Ever feel like your brain just doesn’t want to do its job? Sometimes, it can seem like your ability to focus starts to fizzle or just breaks down entirely. If you know the feeling, you don’t need to dwell on it too much — Inverse has you covered.
Discover three helpful hacks for focus in today’s newsletter, along with more science stories, and our special weekend bonus feature. Give yourself permission to indulge in a little unfocused daydreaming. It’s Friday, after all.
“For about half of our awake time, the mind wanders,” writes health reporter Ali Pattillo.
“Rather than honing in on the present, it ruminates on the past or tries to predict the future — often, it spends its time on these erroneous thought patterns while we’re consciously trying to concentrate on what is actually going on. Helpful.”
But there’s hope for your brain yet. Amishi Jha, director of contemplative neuroscience and professor of psychology at the University of Miami, tells Inverse there’s a special knife to cut through the world’s noise.
“With simple and consistent mindfulness training, it’s possible to bring awareness to how you’re paying attention,” reports Pattillo. “In doing so, you can temporarily lift the fog of distraction and zero in on the joys and challenges around you.”
It’s easier said than done, but Jha encourages people to think of the consequences of zoning out. “When our reputation, sense of justice, sense of purpose, or ethical code get violated, it feels very consequential,” Jha tells Inverse. If you’re convinced, Jha offers three quick tips to practice mindfulness (all of which you can read about in more detail by clicking the article below): mentally stopping while physically stopped, “monotasking,” and remembering thoughts aren’t facts.
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Gravity is Earth’s oversized cardigan. I take comfort in knowing where everything ends up. But unlike me, scientists prefer their cardigans a little stretched — and perhaps a little see-through. Physicists and civil engineers have been developing a “way to use gravity in the form of a quantum gravimeter designed to read gravitational fields to ‘look’ deep underground without ever picking up a shovel,” writes Sarah Wells.
This practice involves “using interferometry [...] to compare the paths that atoms take when a laser pulse sends them on two different paths,” writes Wells.
“Comparing the journeys of these atoms can then help scientists understand how local differences in gravitational fields impacted their path,” allowing them to discover what’s under Earth’s surface.
But there’s a problem with this trick: “The sensitivity of these sensors has traditionally been problematic because the vibration noise of a nearby car can be indistinguishable from gravitational changes,” writes Wells.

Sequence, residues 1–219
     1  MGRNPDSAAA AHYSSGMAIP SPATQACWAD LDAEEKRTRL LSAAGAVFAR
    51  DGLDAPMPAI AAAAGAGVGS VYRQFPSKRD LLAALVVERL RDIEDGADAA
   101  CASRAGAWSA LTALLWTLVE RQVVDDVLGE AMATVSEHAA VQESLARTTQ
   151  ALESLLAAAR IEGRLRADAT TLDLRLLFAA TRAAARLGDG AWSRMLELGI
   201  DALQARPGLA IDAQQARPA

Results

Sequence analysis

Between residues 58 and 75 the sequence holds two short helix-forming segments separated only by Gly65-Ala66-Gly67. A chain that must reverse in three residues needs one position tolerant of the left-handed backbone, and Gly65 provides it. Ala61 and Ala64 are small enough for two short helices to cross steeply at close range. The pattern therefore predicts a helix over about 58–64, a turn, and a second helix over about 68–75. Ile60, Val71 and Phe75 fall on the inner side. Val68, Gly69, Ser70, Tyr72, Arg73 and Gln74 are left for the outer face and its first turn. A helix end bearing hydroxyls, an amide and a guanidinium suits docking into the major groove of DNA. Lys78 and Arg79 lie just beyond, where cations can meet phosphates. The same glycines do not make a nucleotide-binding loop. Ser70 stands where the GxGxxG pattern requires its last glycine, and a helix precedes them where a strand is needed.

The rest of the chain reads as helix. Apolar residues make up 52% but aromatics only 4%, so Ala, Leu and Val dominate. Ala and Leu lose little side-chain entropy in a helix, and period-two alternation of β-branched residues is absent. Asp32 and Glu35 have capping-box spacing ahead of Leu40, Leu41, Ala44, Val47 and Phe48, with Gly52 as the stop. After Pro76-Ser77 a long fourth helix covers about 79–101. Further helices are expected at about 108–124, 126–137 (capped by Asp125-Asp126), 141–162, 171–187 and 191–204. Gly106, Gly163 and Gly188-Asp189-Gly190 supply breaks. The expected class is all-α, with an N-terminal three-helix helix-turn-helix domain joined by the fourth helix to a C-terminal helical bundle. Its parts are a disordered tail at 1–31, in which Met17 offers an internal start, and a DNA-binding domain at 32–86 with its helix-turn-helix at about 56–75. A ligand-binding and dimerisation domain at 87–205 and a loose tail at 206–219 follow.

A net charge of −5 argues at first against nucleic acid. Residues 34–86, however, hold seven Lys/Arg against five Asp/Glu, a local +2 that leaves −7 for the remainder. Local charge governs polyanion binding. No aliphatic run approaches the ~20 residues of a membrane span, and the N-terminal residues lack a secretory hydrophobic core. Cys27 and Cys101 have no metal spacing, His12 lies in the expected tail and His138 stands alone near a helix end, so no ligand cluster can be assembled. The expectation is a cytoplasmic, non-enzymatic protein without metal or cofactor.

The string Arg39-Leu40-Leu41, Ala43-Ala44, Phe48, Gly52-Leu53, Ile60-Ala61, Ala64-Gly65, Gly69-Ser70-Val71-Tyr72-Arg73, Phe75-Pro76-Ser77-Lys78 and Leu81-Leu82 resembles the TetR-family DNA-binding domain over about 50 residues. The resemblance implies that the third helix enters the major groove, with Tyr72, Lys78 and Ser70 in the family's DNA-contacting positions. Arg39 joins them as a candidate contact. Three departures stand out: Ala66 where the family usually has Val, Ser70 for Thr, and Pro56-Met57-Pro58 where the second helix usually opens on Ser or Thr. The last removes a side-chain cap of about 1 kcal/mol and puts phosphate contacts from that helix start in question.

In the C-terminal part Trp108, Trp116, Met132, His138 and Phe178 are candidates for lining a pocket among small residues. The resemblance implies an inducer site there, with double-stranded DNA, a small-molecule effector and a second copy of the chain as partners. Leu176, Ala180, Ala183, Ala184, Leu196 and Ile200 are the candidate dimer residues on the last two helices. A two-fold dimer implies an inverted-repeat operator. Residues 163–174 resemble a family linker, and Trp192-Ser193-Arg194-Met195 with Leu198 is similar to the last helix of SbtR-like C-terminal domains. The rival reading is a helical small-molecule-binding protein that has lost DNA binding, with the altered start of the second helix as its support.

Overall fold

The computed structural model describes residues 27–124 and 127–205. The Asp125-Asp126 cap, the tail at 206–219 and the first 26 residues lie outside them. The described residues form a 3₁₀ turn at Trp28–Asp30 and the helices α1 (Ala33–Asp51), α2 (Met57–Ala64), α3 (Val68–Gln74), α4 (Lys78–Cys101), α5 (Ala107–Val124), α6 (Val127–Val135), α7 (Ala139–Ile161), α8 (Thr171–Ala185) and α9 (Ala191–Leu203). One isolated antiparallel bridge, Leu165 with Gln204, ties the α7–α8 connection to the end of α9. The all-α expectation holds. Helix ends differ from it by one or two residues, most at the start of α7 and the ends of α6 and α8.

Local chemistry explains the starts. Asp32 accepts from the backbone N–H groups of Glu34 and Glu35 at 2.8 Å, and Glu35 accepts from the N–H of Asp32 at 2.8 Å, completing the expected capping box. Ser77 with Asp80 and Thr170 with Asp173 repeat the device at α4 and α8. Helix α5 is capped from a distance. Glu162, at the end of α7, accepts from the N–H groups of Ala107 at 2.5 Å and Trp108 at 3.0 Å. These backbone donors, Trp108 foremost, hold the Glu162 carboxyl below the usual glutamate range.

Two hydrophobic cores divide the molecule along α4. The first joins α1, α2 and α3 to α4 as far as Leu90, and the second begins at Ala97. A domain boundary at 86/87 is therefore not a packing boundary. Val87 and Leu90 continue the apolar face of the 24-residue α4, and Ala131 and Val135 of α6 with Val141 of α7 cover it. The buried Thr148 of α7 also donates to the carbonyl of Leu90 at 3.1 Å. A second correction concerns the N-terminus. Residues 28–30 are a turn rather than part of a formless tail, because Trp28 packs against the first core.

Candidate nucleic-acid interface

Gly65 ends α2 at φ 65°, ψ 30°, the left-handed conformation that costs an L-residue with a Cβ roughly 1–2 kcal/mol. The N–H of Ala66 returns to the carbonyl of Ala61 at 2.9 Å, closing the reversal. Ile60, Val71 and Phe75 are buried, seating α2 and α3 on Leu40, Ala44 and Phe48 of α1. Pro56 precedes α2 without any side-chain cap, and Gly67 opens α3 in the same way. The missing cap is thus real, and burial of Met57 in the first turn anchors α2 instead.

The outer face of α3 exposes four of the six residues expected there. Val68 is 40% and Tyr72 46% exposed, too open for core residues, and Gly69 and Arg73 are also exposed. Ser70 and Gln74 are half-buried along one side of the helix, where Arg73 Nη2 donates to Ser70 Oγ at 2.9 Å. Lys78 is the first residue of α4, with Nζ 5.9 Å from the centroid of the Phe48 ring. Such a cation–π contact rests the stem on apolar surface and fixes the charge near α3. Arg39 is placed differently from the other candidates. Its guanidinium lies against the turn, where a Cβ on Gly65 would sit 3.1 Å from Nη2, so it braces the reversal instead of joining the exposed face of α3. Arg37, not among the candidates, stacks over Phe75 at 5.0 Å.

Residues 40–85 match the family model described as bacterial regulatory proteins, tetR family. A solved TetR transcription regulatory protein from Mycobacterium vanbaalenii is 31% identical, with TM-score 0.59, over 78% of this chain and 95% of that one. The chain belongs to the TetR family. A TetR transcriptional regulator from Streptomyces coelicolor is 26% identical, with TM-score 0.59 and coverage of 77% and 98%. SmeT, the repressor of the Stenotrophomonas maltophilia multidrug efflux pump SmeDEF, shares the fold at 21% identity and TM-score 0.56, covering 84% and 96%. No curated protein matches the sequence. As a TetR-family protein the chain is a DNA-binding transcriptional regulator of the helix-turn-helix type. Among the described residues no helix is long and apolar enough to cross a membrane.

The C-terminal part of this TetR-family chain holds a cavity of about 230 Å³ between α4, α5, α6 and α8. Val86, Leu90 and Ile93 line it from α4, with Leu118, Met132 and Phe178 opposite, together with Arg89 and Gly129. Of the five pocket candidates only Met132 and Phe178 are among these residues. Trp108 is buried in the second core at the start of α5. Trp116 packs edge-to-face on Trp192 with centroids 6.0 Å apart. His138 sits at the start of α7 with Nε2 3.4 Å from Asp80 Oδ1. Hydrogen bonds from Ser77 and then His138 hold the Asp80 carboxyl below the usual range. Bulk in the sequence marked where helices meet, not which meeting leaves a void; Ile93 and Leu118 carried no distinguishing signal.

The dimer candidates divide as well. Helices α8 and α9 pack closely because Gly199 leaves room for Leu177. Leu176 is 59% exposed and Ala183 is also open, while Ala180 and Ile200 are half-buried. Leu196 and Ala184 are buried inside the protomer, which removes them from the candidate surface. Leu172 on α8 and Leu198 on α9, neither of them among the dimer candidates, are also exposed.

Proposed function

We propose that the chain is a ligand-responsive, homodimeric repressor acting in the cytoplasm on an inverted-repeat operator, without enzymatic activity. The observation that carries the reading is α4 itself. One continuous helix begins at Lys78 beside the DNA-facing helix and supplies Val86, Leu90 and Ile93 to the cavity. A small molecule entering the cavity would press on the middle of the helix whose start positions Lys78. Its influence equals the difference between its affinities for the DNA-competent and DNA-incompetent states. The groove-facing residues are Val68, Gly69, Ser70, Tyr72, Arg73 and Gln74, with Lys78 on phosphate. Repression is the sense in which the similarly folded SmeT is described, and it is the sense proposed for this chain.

According to researchers, this phenomenon is due to Einstein’s equivalence principle, “which says it’s not possible to differentiate between acceleration and gravity.” Now, scientists are working on a way out by performing “these measurements on thousands of atoms that are held in two matching atomic ‘clouds’ within their sensor,” writes Wells.
More Albert Einstein: Physicists are on the brink of solving a problem Einstein couldn’t
You never know what you’ll find in your backyard. In his backyard in Santa Clarita, software engineer Kevin Gill found the perfect view of the Rosette Nebula, an “emission nebula” that glows because of radiation from its young stars.
The bud-shaped nebula (or skull-shaped, depending on who you ask) “is located in the constellation Monoceros the Unicorn in the Milky Way, about 5,200 light-years from Earth,” reports Passant Rabie. “The Rosette Nebula spans a distance of about 100 light-years, but it is not very bright. Therefore, capturing it on camera presented a challenge for Gill.”
Despite being taken in his backyard, the photo wasn’t one of convenience. Because the Rosette is so far from Earth, “Gill pointed his camera upwards for about four to five hours until midnight,” reports Rabie. Then, he “kept every exposure frame taken over the five-hour time window, with 30 seconds per exposure.”
The painstaking process resulted in a gorgeous image of the Rosette, looking, to me, like a smudgy red blood cell in the sky. Never say you can’t see the stars from Los Angeles.
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Weekend sendoff: It’s time to play ‘Elden Ring’
Oh, what am I doing this weekend? Thanks for asking, I’m going to be playing hours and hours of Elden Ring, a hot new game released today.
If you’re not familiar with one of the year’s most anticipated video game releases, Inverse has all the juicy details. In his review, video-game writer Joseph Yaden describes FromSoftware’s latest role-playing game as “meticulously designed, with careful intent always at the forefront of the entire experience.”
“The second boss battle caused me to nearly tear up due to how badass it was,” writes Yaden. “Just when you think you’ve seen every cool creature design imaginable, FromSoftware throws another curveball.” Join me and slay some monsters this weekend.
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- On this day in history: The American biochemist Mary Locke Petermann was born on this day in Laurium, Michigan. In her career, Petermann conducted landmark research on animal ribosomes, which help synthesize proteins, and became the first woman full professor at Cornell University’s medical school.
- Song of the day: “Biochemical Equation,” by RZA.